I think about a one-room cabin
with smoke-filled rafters
and the worn flashcards.
My little brother was learning his abc’s
and getting his q’s and p’s mixed up.
He had to start over each time
he got one wrong;
correctness was my father’s only
prerequisite for dinner. The year before,
it had been about tying his shoes,
but he couldn’t even get them on the right feet.

Bunk beds lined the walls, and I remember
hearing him in his shadowy recess
inventing his own codes,
rolling the letters around in his mouth,
tapping the cards on his baby teeth,
trying to make them make some kind of sense.
The rest of us sat in gas-lit silence,
having passed muster this time
(and feeling a little guilty-glad we had),
eating another night of trout
and trying to will him the answers
along those telepathic sibling lines.

Trekking that distance between
his bottom bunk and the head of the table
where my father chewed implacable,
he returned to be tested again
and again, each time assuming a new confidence
as he offered up the cards and himself.
Maybe he thought there was some trick
and that sustained him, or maybe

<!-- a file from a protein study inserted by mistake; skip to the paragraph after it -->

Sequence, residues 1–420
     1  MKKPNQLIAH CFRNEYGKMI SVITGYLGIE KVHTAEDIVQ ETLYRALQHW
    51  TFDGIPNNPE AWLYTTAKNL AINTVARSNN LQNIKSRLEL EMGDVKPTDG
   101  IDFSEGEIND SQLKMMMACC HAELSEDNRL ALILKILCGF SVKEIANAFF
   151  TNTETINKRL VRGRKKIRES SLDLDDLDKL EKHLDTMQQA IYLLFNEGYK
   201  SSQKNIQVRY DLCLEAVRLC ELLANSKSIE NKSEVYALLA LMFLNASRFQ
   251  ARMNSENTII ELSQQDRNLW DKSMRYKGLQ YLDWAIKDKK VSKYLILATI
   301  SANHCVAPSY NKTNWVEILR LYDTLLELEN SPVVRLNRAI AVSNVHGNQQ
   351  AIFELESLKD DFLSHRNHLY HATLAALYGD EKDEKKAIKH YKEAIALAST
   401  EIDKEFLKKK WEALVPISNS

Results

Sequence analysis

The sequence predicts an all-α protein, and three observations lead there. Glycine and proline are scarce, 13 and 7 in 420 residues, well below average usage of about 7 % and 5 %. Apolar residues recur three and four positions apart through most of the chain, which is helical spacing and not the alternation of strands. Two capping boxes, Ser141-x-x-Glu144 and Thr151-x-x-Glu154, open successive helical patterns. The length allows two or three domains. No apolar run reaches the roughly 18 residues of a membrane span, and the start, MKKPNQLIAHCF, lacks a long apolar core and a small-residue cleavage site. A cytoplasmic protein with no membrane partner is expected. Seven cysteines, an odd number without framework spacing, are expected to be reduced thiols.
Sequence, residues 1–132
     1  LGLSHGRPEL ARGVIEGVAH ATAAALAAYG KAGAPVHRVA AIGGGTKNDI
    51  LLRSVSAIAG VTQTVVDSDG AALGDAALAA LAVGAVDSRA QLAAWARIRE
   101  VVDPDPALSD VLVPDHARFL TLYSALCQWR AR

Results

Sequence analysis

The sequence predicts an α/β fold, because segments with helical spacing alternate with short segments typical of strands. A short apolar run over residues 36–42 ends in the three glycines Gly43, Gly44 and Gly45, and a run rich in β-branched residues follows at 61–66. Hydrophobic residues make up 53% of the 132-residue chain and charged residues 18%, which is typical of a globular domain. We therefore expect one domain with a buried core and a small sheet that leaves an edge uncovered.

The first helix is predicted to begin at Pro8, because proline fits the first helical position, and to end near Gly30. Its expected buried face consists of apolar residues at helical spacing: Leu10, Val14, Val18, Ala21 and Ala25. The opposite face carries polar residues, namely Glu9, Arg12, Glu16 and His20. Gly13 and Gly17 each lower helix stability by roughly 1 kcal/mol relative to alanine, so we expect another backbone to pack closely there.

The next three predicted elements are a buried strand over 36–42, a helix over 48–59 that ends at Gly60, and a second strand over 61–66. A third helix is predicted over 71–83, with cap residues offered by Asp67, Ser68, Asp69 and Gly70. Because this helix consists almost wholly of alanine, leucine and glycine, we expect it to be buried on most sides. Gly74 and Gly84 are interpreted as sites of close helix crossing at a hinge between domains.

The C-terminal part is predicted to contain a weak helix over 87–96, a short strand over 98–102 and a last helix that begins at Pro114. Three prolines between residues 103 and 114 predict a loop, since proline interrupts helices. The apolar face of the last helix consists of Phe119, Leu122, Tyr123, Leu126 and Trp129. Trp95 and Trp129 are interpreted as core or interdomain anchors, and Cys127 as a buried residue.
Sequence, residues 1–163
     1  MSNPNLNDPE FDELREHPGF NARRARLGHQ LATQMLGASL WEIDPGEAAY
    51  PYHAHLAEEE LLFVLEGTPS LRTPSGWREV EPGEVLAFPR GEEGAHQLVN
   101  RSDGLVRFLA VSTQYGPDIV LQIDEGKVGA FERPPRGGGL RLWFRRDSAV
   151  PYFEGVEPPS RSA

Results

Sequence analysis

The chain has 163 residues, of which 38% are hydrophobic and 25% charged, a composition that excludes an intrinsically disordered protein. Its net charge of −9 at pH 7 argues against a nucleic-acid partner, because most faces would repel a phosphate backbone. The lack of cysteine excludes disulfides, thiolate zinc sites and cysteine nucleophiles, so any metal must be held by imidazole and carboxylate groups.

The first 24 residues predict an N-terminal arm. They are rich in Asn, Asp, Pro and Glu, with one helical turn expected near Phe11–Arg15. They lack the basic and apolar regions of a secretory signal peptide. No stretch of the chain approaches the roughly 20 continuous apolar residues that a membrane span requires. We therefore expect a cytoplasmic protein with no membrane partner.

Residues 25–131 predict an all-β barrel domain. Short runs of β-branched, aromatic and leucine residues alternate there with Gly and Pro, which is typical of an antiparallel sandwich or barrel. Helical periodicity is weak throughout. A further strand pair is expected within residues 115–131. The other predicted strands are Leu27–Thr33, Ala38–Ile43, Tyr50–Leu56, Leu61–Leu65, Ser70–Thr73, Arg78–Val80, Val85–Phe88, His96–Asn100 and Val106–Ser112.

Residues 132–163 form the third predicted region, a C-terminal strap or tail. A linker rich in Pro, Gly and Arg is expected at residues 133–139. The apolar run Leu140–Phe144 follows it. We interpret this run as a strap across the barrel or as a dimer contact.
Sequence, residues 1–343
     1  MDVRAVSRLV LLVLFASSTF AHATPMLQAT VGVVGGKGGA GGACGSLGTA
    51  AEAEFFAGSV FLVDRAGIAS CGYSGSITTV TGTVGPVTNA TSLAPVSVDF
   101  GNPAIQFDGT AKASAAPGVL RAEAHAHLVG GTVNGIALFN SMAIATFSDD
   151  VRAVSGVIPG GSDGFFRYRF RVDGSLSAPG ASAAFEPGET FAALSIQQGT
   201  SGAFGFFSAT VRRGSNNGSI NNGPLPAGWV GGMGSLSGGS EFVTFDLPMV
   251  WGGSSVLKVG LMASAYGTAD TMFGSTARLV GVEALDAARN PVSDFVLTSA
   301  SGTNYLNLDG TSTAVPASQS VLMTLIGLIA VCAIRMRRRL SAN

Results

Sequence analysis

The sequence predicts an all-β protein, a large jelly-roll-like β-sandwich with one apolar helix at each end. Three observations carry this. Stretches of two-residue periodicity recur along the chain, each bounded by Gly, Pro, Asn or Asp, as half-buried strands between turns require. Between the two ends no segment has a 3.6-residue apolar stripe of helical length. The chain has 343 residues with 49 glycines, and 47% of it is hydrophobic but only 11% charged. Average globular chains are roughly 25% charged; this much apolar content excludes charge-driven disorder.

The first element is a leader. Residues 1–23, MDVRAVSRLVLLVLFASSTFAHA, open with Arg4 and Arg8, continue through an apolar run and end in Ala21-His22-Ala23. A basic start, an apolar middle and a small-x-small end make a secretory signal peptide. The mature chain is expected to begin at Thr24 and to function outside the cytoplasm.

he was certain the odds would fall
for him sooner or later.
He hiked that relentless portage
long past dark. I sighed my invisibility
and tried to find solitude in focus.

One night my mother got a fishbone stuck
in her throat, and we watched her pain
supplant her child’s. Efforts to dislodge
the difficult bit didn’t help,
but my father just kept pounding her back.

(c) 2020 Melissa Simonds

CONGRATULATIONS to our Second Prize Winner, Melissa Simonds! Melissa is an English teacher currently working at St George’s School in Rhode Island. Her favorite things are her two kids, poetry, music festivals, and long walks in beautiful places.

About octoberprojectmusic

Julie Flanders Marina Belica Emil Adler
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